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After a rocky start to the year, with year-on-year arrivals dropping every month until June, Jordan has turned a corner.
Minister of Tourism and Antiquities Nayef Hmeidi Al-Fayez said: “From July, numbers started to take off again. After a two digit drop in global visitors numbers in the first six months of the year, we have reduced this to 7% and hope to improve again by the end of the year. Revenues were down 16% until the end of June, but by September we narrowed the gap to 8%.”
The first half of the year saw a raft of tourists cancelling or postponing their trips due to fears for the safety of the region.
“We changed our approach to clarify the misconceptions about Jordan,” says Al-Fayez. “We invited lots of press and media to the country and adjusted our marketing campaigns.”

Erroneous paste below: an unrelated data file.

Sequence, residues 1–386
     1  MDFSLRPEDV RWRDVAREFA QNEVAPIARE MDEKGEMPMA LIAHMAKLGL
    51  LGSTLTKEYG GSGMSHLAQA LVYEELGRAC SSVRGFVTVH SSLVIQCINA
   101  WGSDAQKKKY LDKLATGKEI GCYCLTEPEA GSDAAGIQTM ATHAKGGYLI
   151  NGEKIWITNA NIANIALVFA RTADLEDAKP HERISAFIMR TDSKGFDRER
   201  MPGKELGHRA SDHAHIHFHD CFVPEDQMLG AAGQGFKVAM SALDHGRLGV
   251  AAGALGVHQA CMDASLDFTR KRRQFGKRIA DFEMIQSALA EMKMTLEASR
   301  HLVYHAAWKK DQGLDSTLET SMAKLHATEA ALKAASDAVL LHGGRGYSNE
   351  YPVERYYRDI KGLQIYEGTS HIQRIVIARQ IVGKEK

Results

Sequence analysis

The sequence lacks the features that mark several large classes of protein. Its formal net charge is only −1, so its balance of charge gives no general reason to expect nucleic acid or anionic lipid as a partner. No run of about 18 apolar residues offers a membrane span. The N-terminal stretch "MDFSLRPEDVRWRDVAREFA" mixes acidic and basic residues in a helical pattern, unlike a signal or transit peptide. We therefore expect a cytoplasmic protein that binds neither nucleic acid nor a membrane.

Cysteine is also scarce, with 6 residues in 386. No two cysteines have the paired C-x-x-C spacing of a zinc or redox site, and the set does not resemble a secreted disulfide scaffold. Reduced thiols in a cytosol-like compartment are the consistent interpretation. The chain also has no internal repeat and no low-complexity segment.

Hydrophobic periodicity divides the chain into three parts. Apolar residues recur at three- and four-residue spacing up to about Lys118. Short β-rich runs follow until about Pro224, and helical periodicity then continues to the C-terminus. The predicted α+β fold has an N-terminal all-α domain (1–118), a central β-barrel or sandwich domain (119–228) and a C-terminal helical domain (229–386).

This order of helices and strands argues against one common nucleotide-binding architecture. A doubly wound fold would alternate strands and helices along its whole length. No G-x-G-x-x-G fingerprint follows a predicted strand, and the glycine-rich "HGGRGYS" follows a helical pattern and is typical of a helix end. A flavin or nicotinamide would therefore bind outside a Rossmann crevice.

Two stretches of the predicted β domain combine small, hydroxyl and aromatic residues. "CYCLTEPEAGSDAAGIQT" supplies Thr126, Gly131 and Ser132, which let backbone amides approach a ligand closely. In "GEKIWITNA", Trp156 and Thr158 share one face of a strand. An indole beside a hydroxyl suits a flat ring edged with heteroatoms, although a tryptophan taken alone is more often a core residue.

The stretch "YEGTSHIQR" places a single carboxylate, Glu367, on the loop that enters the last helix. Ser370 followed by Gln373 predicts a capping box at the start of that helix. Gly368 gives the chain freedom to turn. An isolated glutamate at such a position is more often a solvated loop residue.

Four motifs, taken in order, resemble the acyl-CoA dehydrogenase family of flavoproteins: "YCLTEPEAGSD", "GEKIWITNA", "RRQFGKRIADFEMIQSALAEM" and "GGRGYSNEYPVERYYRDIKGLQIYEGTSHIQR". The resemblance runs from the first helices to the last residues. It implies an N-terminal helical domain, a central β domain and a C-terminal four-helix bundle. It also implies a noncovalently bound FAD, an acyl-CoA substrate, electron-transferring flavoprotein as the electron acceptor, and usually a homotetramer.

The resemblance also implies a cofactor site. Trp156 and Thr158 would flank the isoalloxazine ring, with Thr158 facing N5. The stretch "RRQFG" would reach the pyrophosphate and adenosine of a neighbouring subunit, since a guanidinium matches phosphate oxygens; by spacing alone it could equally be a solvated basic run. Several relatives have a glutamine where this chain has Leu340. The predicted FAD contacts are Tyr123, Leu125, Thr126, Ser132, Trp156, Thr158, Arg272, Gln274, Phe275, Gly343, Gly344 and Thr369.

Al-Fayez says the UK has reacted more quickly than other destinations in terms of recovery. The tourism ministry wants not only to attract more tourists but to extend the season and increase the duration of stay.
Recent initiatives include the launch of the Jordan Pass two months ago, which allows entry to 40 sites over a two-week period for £65. Travellers with a Jordan pass who stay in the country for more than three nights are exempt from paying a fee for their visa on arrival. Departure taxes have also been reduced.
Next year will see the centenary of Lawrence of Arabia, and the ministry is building packages around related experiences.
Tourism currently contributes 13% of Jordanian GDP, but the hope is to grow this to 18% by 2025.
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